In his latest book, the 59-year-old opens up about many cognitive changes in him, including confusion, loss of memory, delusions, and dementia.
Michael J. Fox has enjoyed an illustrious career in the film industry despite his diagnosis of Parkinson’s disease. When Fox was 29, a doctor said he would be lucky to work another 10 years. The actor, who was most famous for his role as Marty McFly in Back to the Future, ultimately proved the medical professional wrong after working for thirty more years and earning eight Emmy nominations. Even though his body gave in, Fox managed to keep going with the help of his optimism. However, now it seems like his acting career might be nearing its end, according to the Los Angeles Times.
In his latest book, No Time Like the Future: An Optimist Considers Mortality, out on Tuesday, November 17, Fox has reportedly provided a realistic vision of what the future beholds for him. "There is a time for everything, and my time of putting in a twelve-hour workday, and memorizing seven pages of dialogue, is best behind me," he writes in the book. "At least for now ... I enter a second retirement. That could change, because everything changes. But if this is the end of my acting career, so be it."
In his latest memoir, the 59-year-old opens up about many cognitive changes that he had been noticing, including confusion, loss of memory, delusions, and dementia, which is something he has "rarely contemplated before now, much less spoke of." Sharing a few unpleasant incidents that ultimately led to this realization, the philanthropist describes searching for his car keys one fine day only to realize that he no longer drives. He also recalls asking "What did you think?" to "the person to my left, who isn’t there" and confusing one of his twin daughters for the other.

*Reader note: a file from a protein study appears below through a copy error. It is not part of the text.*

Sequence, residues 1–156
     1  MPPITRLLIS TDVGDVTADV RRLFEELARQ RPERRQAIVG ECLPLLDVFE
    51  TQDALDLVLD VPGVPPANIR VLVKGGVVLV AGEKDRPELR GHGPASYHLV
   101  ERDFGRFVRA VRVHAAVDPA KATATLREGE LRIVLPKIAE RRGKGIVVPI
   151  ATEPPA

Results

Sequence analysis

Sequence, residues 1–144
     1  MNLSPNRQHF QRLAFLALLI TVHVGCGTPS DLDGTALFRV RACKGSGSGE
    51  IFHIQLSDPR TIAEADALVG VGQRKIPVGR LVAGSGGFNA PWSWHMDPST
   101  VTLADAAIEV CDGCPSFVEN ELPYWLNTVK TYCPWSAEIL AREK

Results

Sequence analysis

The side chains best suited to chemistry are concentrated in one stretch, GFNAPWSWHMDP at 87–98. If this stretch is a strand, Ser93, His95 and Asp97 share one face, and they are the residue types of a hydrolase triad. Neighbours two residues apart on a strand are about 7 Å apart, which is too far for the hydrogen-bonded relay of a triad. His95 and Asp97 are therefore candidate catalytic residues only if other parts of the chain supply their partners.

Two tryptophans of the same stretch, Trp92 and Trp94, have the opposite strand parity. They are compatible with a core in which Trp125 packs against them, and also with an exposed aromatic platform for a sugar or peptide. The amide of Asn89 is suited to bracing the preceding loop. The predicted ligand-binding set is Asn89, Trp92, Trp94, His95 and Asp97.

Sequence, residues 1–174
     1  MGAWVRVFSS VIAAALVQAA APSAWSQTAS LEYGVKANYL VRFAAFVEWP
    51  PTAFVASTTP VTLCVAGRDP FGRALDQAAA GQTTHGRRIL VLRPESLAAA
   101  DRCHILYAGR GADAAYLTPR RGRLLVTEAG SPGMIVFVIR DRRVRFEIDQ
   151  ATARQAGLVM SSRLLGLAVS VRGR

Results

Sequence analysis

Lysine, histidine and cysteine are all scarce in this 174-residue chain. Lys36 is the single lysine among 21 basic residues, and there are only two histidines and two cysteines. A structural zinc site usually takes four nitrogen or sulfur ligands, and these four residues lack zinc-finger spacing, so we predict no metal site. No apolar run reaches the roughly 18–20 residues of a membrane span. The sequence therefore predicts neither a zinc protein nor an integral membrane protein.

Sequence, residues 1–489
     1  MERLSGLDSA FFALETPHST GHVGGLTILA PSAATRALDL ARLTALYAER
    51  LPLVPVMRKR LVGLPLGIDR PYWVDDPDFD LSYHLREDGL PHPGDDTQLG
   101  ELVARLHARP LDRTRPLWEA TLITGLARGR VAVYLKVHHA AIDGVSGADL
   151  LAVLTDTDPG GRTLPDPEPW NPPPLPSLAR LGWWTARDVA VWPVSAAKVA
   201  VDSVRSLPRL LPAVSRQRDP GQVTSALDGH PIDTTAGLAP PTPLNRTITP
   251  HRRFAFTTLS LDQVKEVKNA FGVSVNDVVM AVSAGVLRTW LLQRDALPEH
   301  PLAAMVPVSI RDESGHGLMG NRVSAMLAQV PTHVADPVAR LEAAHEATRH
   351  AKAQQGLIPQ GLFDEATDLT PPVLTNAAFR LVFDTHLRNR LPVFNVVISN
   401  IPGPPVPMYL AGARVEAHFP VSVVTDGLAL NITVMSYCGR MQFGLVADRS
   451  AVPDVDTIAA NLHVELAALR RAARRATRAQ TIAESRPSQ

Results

After his diagnosis in 1991, the four-time Golden Globe Award winner opened up about his health condition in 1998. He then went on to star in Spin City from 1996-2001 and continued making recurring guest appearances on The Good Wife from 2010-16. His health took a terrifying turn back in 2018 when a noncancerous tumor on his spine was causing him a lot of pain as it grew rapidly. Following successful surgery, Fox had to learn how to walk again during a four-month period. Shortly after this, his health took another hit when the actor suffered a bad fall, which he says "was definitely my darkest moment." Even during this time of physical healing, he learned another lesson—that "optimism is really rooted in gratitude."
"Optimism is sustainable when you keep coming back to gratitude, and what follows from that is acceptance," he said. "Accepting that this thing has happened, and you accept it for what it is. It doesn’t mean that you can’t endeavor to change. It doesn’t mean you have to accept it as a punishment or a penance, but just put it in its proper place. Then see how much the rest of your life you have to thrive in, and then you can move on." Despite numerous ailments, Fox's undeterred spirit kept pushing him, but recently he told PEOPLE how Parkinson’s has affected his ability to memorize his lines. "My short-term memory is shot. I always had a real proficiency for lines and memorization. And I had some extreme situations where the last couple of jobs I did were actually really word-heavy parts. I struggled during both of them," he said.
Looking at what he’s built as an advocate for Parkinson’s research and treatment almost dwarfs what he’s done as an actor. He has the ability to change lives and hopefully one day find a cure. He is a wonderful example of what a former celebrity can do with their retirement.— Matt (@SkrobiwanKenobi) November 16, 2020
In the hopes of dealing with this speech issue, he now practices shouting tongue twisters to improve his projection and diction. Although acting doesn't come as easy as it used to, Fox is not ready to give up just yet. He decided to indulge in the art of writing, something that he has grown to love. In addition to his latest memoir, he has written three other books: Lucky Man, Always Looking Up, and A Funny Thing Happened on the Way to the Future. Fox says writing has become his primary creative outlet now. "I’m down to this. My guitar playing is no good. My sketching is no good anymore, my dancing never was good, and acting is getting tougher to do. So it’s down to writing. Luckily, I really enjoy it," he said, according to PEOPLE.